In my humble opinion, nothing says “you’ve made it” quite like owning high-end music-reproduction equipment. And yet both you and I both know that audio gear is not the first thing people think of as a status symbol, although they should, because it’s hard to imagine anything with a lower practicality- to-expense ratio. Big, luxurious house? Well, unless it’s used only for parties, a house, any house, is very practical simply from the standpoint of being a shelter (both in the physical and tax sense). An expensive car? No matter what it is, it provides the very practical attribute of transportation, which we all know is necessary for modern life. What about a yacht? Again, still practical from a shelter, transportation, and as a second home, from a tax deduction point of view.
Perhaps we get closer along the lines of fine art collecting but even here there is utility associated with this activity that escapes the hi-fi connoisseur: Fine art is expected to increase in value. Substitute watches, stamps, Fender guitars, Pez dispensers; you get the same result. On the other hand a shockingly small sample of audio equipment has proven to increase in value as it ages (and you may not even like how it sounds).
So I say you keepers of the hi-fidelity flame have good reason to feel fairly superior to the benighted masses sprouting little white wires from their ears, or just about everyone else for that matter. Still, even among the enlightened there is a steeply ascending caste system. At the top of the ladder are the high priests of the Single Ended Triode altar, who like any devout individuals have vowed to live a restricted existence, a life of poverty if you will, not of money (although that may very well accompany this lifestyle) but of watts. By nature traditionalists and extremely conservative, some would say that these folks act like the last 106 years (!) of amplifier development never happened.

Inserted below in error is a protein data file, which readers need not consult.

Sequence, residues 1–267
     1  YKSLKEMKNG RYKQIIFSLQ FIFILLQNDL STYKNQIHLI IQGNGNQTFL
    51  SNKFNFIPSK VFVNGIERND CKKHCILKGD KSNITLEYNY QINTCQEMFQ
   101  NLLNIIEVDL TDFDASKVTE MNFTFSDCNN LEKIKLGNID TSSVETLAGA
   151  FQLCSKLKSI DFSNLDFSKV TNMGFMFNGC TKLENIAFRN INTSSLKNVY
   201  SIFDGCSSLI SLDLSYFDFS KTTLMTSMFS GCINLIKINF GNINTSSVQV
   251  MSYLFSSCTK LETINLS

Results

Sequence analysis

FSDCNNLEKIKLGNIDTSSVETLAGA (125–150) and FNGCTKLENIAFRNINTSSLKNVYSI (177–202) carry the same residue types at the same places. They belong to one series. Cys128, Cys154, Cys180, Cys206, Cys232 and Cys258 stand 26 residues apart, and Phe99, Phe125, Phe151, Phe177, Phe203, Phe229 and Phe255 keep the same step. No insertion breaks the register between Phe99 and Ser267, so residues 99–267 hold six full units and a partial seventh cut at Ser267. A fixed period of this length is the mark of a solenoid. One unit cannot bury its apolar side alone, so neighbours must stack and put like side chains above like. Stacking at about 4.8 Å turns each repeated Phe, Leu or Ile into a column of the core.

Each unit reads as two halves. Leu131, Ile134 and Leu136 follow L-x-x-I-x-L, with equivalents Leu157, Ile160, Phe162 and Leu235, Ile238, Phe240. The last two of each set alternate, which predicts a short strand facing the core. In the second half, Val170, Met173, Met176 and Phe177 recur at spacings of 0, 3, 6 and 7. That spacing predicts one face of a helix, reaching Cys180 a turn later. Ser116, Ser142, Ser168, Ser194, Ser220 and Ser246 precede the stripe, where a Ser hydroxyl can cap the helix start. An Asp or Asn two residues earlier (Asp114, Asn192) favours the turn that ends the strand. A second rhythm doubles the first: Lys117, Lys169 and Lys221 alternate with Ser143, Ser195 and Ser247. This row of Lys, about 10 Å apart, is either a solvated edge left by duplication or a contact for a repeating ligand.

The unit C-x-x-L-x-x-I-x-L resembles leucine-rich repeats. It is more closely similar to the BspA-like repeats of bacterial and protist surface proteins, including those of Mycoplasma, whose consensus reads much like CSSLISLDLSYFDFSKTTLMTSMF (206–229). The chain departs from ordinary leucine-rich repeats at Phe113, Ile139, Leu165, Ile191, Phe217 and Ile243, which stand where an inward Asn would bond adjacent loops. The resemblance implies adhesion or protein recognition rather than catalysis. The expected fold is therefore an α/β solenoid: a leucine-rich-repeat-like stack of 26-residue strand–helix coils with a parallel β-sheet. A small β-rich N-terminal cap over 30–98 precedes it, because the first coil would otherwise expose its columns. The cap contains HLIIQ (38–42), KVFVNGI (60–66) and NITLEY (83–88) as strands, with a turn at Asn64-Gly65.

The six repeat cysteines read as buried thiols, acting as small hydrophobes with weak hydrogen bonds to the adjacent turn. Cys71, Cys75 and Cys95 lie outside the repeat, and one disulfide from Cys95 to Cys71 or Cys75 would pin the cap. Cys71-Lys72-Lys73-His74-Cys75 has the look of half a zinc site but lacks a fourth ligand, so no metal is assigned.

All the while, sitting at the back of the hi-fi church are people like me who know good sound from bad and search the market often for the best in lower-priced but great-sounding products. For us fancy metal-work, silver wire, even acceptable quality- control are grudgingly dismissed for the sake of good music vibes. We have no problem with plastic knobs, stamped metal chassis, or the occasional missing screw. It’s what’s on the inside that counts, right?
I for one have remained happy in the back pews for years since, quite frankly, much of the “aspirational” gear simply fails my personal cost/benefit analysis. Oh, that’s nice but my NAD integrated gets me 90% of the way there for a whole lot less (or so I tell myself). So I find it really annoying when something like the Ayon Orion II ($3910) comes along and bursts my bubble of self-delusion. Rightfully the Orion belongs to that couple stationed maybe ten rows in front and a little to the left of where I’m sitting. They’ve got money to spend, no small children or pets, are cultured, and appreciate the good things in life. And for this review they let me sit next to them.